Sunday, December 7, 2008

Brief session report: Clash for a Continent

Mark K and I had the opportunity to get in a very full day of gaming. Among our achievements was a match of Clash for a Continent, the Fort Dusquene scenario.

Fort Duquesne is Braddock's famous defeat by a French and Indian ambush in the French and Indian War.

Being more experienced in the game system, I took Braddock for the first game. We used most of the optional rules, but did keep the Command Action Point allowance at the Historical 1 + d3 roll for Braddock compared to the 3 + D3 die roll for the French. This meant that my force would have between 1-4 CAPs while Mark's had 4-6 per turn.

Recognizing that maneuver would be difficult, my basic plan was to push against the French and Indians facing the left front of my column while spending the absolute minimum elsewhere. This worked as well as one might hope, actually, as Braddock and some British regulars was able to do some significant damage to the Indians in his neighborhood and proved nearly invulnerable to fire while on the hilltop near the river. Unfortunately young George Washington caught a bullet, decreasing my already meager CAP state (as well as prompting some discussion about how events a generation later would have been different without the "indispensable" man.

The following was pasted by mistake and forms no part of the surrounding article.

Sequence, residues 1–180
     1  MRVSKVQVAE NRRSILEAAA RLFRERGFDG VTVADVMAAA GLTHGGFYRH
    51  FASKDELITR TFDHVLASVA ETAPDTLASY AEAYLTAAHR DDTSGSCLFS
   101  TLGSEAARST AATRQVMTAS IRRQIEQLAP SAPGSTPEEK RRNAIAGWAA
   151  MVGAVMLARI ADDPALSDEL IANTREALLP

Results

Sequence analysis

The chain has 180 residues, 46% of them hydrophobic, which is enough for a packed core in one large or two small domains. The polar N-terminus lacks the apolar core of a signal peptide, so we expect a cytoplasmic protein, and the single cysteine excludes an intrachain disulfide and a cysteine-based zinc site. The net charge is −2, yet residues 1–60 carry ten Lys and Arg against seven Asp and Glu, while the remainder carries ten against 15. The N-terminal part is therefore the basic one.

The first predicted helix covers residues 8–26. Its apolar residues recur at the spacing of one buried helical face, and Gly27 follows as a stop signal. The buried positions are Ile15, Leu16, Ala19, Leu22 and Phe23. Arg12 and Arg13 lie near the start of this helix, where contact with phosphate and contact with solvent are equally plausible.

In the end the French and Indians were able to get their six VPs in lost Anglo-Americans while just losing a few themselves.

We switched sides, but this time gave Mark's Braddock the same 3 + D3 CAP allowance as the French.

In this case I decided I needed to take my time because I knew I wouldn't have a CAP edge over Mark. I did, however, still have a maneuver edge, due to the Indians speed in wooded terrain and I followed a policy of retreating any Indian that took a loss. I likewise pulled the French back after they took a few losses. Mark, meanwhile, was less willing to pull troops out of the fight and this resulted in several of his units being eliminated. After spending a few turns rallying Frenchmen and Indians, the restored Franco-Indian force returned to the fray and got the last couple of losses needed for victory.

This battle took longer to win without the CAP edge, but overall the awkward tactical position of the ambushed British column was too much for either of us to overcome, although I do think that the battle is winnable for the British player. Still, in the historical event they did lose, and this scenario reflects that rather well.

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